Levi’s Sites Caught With Pants Down

By Julian Matthews

Crackers defaced multiple Web sites belonging to apparel-maker Levi Strauss & Co. on Friday including flagships levi.com and dockers.com.

Jeff Beckman, a spokesperson for the company, said the server was immediately shut down shortly after the intrusion happened at about 12:30 p.m. EDT.

“The global ‘splash’ pages of levi.com and dockers.com were affected. Anyone trying to get into our regional sites via our global ‘splash’ pages was unable to during the two to three hours downtime,” he said.

Beckman confirmed that corporate site Levistrauss.com was also affected on the same day.

The hack was claimed by “Perfect.br”, an active Internet vandal of various sites around the world, and had been reported to security mirror sites safemode.org and alldas.de.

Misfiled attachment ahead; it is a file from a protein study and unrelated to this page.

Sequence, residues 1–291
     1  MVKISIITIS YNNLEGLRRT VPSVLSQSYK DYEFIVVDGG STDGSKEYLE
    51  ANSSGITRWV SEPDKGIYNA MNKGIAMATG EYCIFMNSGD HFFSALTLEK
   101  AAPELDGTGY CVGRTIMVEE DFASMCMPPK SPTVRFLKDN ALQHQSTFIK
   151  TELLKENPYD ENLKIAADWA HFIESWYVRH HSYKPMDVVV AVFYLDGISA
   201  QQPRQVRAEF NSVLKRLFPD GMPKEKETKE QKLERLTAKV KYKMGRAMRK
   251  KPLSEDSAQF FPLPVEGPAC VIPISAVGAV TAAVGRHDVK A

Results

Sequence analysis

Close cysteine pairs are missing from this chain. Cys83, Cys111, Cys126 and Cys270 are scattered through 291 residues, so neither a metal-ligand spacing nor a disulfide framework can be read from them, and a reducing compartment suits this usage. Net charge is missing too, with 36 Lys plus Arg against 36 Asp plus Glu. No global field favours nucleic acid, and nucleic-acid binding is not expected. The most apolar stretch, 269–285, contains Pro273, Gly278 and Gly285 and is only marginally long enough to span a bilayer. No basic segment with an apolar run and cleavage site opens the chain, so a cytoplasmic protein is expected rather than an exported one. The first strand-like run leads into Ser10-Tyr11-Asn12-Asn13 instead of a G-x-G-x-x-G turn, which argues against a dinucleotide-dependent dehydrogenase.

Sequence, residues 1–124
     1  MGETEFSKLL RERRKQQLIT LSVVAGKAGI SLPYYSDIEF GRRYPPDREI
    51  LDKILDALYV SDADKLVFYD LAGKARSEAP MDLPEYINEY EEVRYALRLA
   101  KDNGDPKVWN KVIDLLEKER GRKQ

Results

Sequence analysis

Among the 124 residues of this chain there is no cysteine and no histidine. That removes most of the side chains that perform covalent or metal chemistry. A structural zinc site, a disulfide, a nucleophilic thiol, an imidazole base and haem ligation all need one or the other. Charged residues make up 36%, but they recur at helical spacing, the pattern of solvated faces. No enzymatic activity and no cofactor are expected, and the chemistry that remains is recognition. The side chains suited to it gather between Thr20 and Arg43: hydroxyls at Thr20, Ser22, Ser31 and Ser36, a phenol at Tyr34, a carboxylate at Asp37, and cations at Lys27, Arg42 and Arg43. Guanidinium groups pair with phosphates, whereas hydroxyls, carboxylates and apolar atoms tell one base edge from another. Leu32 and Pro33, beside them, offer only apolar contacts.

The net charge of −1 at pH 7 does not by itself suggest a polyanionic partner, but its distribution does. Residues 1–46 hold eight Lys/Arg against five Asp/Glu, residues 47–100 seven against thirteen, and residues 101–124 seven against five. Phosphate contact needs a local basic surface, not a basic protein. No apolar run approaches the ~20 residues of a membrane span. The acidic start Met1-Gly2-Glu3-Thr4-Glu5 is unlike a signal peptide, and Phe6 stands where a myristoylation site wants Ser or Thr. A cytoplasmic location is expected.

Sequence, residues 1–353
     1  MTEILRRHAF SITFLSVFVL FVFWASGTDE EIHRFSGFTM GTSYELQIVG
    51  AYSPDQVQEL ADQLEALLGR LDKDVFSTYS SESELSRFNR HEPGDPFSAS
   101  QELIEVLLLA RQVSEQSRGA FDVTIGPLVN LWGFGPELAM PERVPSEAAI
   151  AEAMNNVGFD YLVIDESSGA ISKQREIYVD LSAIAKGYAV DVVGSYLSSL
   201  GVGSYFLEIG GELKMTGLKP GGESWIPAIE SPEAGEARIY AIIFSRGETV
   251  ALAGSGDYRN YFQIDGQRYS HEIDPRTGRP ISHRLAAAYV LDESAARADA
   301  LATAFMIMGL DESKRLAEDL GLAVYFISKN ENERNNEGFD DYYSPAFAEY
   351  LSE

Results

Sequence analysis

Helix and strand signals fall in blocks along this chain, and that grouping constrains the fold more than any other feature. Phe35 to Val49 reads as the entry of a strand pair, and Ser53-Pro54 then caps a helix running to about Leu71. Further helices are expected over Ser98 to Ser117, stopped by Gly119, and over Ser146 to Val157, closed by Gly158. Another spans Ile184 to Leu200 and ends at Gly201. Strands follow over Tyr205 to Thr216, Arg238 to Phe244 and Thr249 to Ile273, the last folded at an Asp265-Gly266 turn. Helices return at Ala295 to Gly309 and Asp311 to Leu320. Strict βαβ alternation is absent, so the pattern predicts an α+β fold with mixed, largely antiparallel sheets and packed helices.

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Everyday Heroes: Tech Teacher

By Anita Devasahayam

Tiong Ting Ming was waiting to catch a bus in Kuala Lumpur in February 2000 when a young man sat next to him and asked for money. When Tiong said he had none to offer, the man produced a knife. Even though the would-be thief looked desperate for cash, Tiong never felt in serious danger, so he decided to reason with him.

He explained that he was a school principal who had just travelled to Singapore to buy parts for the computers at his school. For 20 minutes, he talked about why it was important for young people to get an education. When it was clear that the young man wasn’t going to get any money, he shook his head and left.

Tiong Ting Ming
High-tech dreams – Tiong Ting Ming transformed his school. Photo: © Julian Matthews.

Tiong wasn’t going to let a thief stand in the way of his dream of turning SMJK Dindings, a secondary school in the village of Pundut, 100 kilometers west of lpoh, into a high-tech learning centre. He had come too far and achieved too much. When he became principal in 1992, the school was a ramshackle set of wooden buildings. There were 320 students, and the number was falling. “They were dropping out to help with their families’ businesses,” he recalls. “School was not a priority.”
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